The London-based Institute of Practitioners in Advertising (IPA) published a PDF titled Advertising in a Downturn: A Report of key findings from an IPA seminar (March 2008).

The report summarizes the presentations of four presenters.

Peter Walshe, Milward Brown

« Walshe presented data showing a strong correlation between market share and the level of ‘bonding’ – an aggregate measure of multiple brand-consumer relationship metrics. The clear implication being that if budget cutting results in a decline in ‘bonding’ then market share can be expected to decline »

« Further data was presented showing a strong relationship between the level of risk of loss of share and the key expenditure metric: share of voice (SOV) minus share of market (SOM), where share of voice is defined as a brand’s share of total category communications expenditure »

« Thus brands that cut their budget relative to competitors are at greater risk of share loss. »

« It was observed that the level of risk was greater in some categories than others. Brands in categories that are more price-driven and where brands carry less importance to consumer choice (such as motor fuel, mineral water and apparel) are more susceptible to share loss when cutting budgets. Conversely, brands in categories where the reverse is true (such as luxury cars, financial services and fragrances) tend to be more resilient. »

Karl Weaver, Data2Decisons

« A typical brand case study was shown where the long-term element of payback was over four times greater than the short-term. The importance of this is considerable. Following a budget cut, a brand will continue to benefit from the marketing investment made over the previous few years. This will mitigate any short-term business effects, and will result in a dangerously misleading increase in short-term profitability. The longer-term business harm will be more considerable, but will not be noticed at first. »

« The long-term effects of two different budget-cutting scenarios were modelled for the brand. In the first scenario the budget was cut to zero for just one year and then returned to usual levels. In the second scenario the budget was halved for one year and then returned to usual levels. Sales recovery to pre-cut levels took five and three years respectively »

« Other dangers of common downturn behaviours were also identified. The diversion of communications expenditure into price promotions is a common response to downturn. The experience of widespread use of price promotions in the US automotive category illustrates how consumers quickly come to expect ‘incentives’. They therefore lose their efficiency as a generator of incremental sales and end up as a loss of profitability »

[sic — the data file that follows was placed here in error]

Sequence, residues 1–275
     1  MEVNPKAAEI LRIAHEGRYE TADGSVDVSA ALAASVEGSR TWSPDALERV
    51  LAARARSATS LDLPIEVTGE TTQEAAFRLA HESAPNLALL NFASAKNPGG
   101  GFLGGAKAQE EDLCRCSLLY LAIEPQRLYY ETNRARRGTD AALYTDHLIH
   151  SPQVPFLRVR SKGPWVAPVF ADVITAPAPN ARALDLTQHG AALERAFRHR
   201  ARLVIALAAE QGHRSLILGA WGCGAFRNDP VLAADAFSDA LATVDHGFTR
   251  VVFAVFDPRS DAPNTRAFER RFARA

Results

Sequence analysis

« Another widely overlooked impact of reduced brand communications expenditure is on price elasticity. Data was presented for a campaign that had reduced the price elasticity of the brand (i.e. the percentage change in volume for a one percent change in price) from -2.2 to -1.5. Such improvements often account for the majority of the profit impact of a successful campaign. By extension, the abandonment of communications is likely to result in the gradual increase in price elasticity and the growing need to reduce pricing to maintain volume. This may have a very damaging effect on profitability, but again one that is deceptively time-lagged. »

Keith Roberts, Malik PIMS (Profit Impact of Marketing Strategy)

« Essentially downturns provide a window of opportunity for cheap market share gain to brands that increase investment. »

Peter Field, IPA dataMINE

« An approximate rule-of-thumb finding was extracted from the analysis: that for every 10 points that SOV exceeds SOM a brand can expect to gain one point of market share per annum. The corollary of this is that a brand can expect to lose one point of market share for every ten points it allows its SOV to fall below its SOM. »

« Attention was drawn to the deceptive short-term improvement due to the lagged effects of marketing on sales (recent authoritative PricewaterhouseCoopers research suggests that 45% of the return on television expenditure comes through more than one year later). This short-term improvement usually provides the stimulus for such severe budget cutting and for a time masks the considerable damage being done to longer-term profitability.  »


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